By GINGER THOMPSON and SARAH COHEN
April 6, 2014
With the Obama administration deporting illegal immigrants at a record pace, the president has said the government is going after “criminals, gang bangers, people who are hurting the community, not after students, not after folks who are here just because they’re trying to figure out how to feed their families.”
But a New York Times analysis of internal government records shows that since President Obama took office, two-thirds of the nearly two million deportation cases involve people who had committed minor infractions, including traffic violations, or had no criminal record at all. Twenty percent — or about 394,000 — of the cases involved people convicted of serious crimes, including drug-related offenses, the records show.
Deportations have become one of the most contentious domestic issues of the Obama presidency, and an examination of the administration’s record shows how the disconnect evolved between the president’s stated goal of blunting what he called the harsh edge of immigration enforcement and the reality that has played out.
Mr. Obama came to office promising comprehensive immigration reform, but lacking sufficient support, the administration took steps it portrayed as narrowing the focus of enforcement efforts on serious criminals. Yet the records show that the enforcement net actually grew, picking up more and more immigrants with minor or no criminal records.
LESLYE DAVIS / THE NEW YORK TIMES
Interviews with current and former administration officials, as well as immigrant advocates, portray a president trying to keep his supporters in line even as he sought to show political opponents that he would be tough on people who had broken the law by entering the country illegally. As immigrant groups grew increasingly frustrated, the president held a succession of tense private meetings at the White House where he warned advocates that their public protests were weakening his hand, making it harder for him to cut a deal. At the same, his opponents in Congress insisted his enforcement efforts had not gone far enough.
Five years into his presidency, neither side is satisfied.
“It would have been better for the administration to state its enforcement intentions clearly and stand by them, rather than being willing to lean whichever way seemed politically expedient at any given moment,” said David Martin, the deputy general counsel at the Department of Homeland Security until December 2010. “They lost credibility on enforcement, despite all the deportations, while letting activists think they could always get another concession if they just blamed Obama. It was a pipe dream to think they could make everyone happy.”
Various studies of court records and anecdotal reports over the past few years have raised questions about who is being deported by immigration officials. The Times analysis is based on government data covering more than 3.2 million deportations over 10 years, obtained under the Freedom of Information Act, and provides a more detailed portrait of the deportations carried out under Mr. Obama.
BRENDAN BANNON FOR THE NEW YORK TIMES
The demographics of those being removed today are not all that different from those removed over the years. Most are Mexican men under the age of 35. But many of their circumstances have changed.
The records show the largest increases were in deportations involving illegal immigrants whose most serious offense was listed as a traffic violation, including driving under the influence. Those cases more than quadrupled from 43,000 during the last five years of President George W. Bush’s administration to 193,000 during the five years Mr. Obama has been in office. In that same period, removals related to convictions for entering or re-entering the country illegally tripled under Mr. Obama to more than 188,000.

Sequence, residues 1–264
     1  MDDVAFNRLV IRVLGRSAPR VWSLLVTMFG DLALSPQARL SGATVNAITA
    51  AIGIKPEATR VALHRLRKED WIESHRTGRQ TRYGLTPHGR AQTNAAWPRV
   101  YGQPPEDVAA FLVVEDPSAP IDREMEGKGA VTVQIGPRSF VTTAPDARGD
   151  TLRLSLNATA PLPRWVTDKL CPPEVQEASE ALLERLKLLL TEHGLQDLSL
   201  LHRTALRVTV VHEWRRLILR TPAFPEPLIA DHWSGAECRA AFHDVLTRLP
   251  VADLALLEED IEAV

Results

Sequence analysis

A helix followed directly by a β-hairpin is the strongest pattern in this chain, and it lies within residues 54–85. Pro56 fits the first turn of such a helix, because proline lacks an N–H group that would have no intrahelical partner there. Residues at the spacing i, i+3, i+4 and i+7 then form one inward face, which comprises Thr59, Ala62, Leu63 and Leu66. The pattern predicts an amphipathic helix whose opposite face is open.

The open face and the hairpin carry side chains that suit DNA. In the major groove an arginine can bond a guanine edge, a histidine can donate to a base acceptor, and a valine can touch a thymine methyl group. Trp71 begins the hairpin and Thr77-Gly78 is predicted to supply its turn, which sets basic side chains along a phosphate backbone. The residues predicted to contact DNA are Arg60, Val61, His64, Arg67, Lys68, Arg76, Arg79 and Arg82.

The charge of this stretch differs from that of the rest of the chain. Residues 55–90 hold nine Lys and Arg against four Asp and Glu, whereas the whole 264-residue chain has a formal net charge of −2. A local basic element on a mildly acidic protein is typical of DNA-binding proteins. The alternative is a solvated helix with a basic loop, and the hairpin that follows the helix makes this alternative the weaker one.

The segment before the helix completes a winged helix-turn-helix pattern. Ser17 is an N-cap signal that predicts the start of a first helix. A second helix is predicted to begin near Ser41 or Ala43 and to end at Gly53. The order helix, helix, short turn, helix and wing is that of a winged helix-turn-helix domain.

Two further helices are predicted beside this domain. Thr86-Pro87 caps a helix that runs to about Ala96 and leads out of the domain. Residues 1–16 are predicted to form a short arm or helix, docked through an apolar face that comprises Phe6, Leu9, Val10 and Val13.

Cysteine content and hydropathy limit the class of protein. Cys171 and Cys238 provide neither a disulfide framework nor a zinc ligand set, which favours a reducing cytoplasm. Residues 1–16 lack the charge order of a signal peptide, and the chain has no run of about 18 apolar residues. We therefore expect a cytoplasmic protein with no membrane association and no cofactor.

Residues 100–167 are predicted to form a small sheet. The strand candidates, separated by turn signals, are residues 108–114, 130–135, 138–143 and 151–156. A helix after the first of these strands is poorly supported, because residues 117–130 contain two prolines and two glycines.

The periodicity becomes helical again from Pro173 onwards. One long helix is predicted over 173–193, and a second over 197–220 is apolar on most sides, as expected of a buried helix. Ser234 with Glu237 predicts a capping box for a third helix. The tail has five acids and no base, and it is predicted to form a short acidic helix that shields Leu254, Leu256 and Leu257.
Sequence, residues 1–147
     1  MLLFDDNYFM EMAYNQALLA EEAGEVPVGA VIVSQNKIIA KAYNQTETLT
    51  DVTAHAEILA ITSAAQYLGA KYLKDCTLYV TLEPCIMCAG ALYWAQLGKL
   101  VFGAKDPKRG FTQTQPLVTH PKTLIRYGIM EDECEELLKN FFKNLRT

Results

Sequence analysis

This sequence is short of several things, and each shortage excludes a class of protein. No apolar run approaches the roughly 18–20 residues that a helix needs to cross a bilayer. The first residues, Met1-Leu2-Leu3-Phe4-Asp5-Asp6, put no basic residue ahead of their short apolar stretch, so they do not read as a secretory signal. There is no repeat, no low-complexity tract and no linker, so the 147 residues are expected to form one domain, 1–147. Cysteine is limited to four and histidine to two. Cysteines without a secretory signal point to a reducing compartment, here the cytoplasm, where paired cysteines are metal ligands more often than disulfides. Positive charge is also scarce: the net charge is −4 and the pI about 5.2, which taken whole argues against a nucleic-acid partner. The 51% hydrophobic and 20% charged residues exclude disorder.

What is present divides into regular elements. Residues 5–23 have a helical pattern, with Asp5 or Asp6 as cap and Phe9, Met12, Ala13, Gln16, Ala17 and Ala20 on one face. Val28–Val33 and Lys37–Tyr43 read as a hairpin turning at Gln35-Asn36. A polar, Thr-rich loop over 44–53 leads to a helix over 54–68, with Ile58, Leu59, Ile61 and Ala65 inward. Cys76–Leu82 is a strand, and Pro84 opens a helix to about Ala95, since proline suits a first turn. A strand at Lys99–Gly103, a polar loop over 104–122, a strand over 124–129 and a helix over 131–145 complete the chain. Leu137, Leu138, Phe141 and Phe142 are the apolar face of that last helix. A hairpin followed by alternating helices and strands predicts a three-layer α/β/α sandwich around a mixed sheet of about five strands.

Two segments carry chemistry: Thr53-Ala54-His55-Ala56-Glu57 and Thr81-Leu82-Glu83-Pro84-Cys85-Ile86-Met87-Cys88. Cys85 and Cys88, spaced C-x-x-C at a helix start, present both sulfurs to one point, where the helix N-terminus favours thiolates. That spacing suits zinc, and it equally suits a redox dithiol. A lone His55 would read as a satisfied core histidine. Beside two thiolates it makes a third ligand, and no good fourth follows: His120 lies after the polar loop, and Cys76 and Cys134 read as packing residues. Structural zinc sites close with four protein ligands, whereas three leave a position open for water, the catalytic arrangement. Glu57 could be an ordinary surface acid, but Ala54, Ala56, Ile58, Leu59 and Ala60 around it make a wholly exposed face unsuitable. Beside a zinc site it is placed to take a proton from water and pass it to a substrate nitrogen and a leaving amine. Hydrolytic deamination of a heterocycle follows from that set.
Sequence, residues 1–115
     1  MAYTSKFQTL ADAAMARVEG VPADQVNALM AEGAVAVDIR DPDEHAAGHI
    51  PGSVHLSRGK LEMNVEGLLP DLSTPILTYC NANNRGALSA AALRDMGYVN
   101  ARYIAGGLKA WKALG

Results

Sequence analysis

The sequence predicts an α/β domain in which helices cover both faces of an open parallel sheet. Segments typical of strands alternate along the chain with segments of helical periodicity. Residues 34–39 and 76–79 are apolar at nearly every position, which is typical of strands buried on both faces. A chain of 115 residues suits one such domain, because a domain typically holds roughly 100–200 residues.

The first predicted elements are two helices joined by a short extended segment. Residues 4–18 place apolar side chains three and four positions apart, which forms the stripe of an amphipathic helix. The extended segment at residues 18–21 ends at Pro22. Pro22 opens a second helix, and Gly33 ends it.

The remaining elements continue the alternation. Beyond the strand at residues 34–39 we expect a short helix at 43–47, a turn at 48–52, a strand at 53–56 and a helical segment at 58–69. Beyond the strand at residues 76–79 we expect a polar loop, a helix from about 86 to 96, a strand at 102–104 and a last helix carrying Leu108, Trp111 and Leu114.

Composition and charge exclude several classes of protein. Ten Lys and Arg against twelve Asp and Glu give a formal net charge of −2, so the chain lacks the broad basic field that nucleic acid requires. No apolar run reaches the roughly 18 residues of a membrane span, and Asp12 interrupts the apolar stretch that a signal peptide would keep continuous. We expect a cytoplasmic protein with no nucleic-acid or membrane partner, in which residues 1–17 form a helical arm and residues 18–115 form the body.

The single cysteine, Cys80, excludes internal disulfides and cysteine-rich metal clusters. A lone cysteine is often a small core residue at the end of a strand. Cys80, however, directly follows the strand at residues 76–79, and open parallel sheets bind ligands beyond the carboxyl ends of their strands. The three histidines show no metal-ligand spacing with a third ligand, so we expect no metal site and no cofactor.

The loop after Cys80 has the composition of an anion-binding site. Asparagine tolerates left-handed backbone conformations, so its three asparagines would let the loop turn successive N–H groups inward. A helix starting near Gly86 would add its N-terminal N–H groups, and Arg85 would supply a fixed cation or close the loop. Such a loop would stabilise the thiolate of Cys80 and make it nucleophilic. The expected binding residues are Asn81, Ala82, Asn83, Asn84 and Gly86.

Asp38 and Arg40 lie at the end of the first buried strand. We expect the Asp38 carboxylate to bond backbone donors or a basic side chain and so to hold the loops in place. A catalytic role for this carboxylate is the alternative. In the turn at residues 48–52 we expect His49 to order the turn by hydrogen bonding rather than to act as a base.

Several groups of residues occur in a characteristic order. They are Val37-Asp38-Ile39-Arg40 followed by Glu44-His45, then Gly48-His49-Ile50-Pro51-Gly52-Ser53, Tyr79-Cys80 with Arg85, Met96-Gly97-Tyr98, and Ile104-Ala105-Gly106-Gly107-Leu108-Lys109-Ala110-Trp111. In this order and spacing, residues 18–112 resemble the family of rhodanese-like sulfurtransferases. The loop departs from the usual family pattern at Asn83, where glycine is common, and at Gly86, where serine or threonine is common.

The data also reflect the Obama administration’s decision to charge immigration violators who previously would have been removed without formal charges. In the final year of the Bush administration, more than a quarter of those caught in the United States with no criminal record were returned to their native countries without charges. In 2013, charges were filed in more than 90 percent of those types of cases, which prohibit immigrants from returning for at least five years and exposing those caught returning illegally to prison time.
“For years, the Obama administration’s spin has been that they are simply deporting so-called ‘criminal aliens,’ but the numbers speak for themselves,” said Marielena Hincapié, executive director of the National Immigration Law Center. “In truth, this administration — more than any other — has devastated immigrant communities across the country, tearing families away from loved ones, simply because they drove without a license, or re-entered the country desperately trying to be reunited with their family members.”
BRENDAN BANNON FOR THE NEW YORK TIMES
Administration officials say the deportations are a result of a decade in which Congress has passed tougher immigration laws, increased funding for enforcement and stymied efforts to lay out a path to legal residency for the bulk of nation’s 11.5 million illegal immigrants. “The president is concerned about the human cost of separating families,” said Cecilia Muñoz, the White House domestic policy adviser. “But it’s also true that you can’t just flip a switch and make it stop.”
In the spring of 2012, Mr. Obama announced a way for illegal immigrants who came to the United States as children — so called “Dreamers” — to avoid deportation. Facing a new wave of protests, he announced two weeks ago a review of the administration’s deportation programs in an effort to make them “more humane.”
Republicans immediately pushed back, warning that the changes he had already made had weakened enforcement. Despite the record deportations, they said his shift in emphasis to the border had resulted in a decline in the removals from the interior of the country — a trend borne out by the records. And while immigrant advocates and some leading Democrats are outraged by the administration’s policy of penalizing illegal entry at the border, many Republicans have accused the administration of using those cases to inflate its deportation numbers.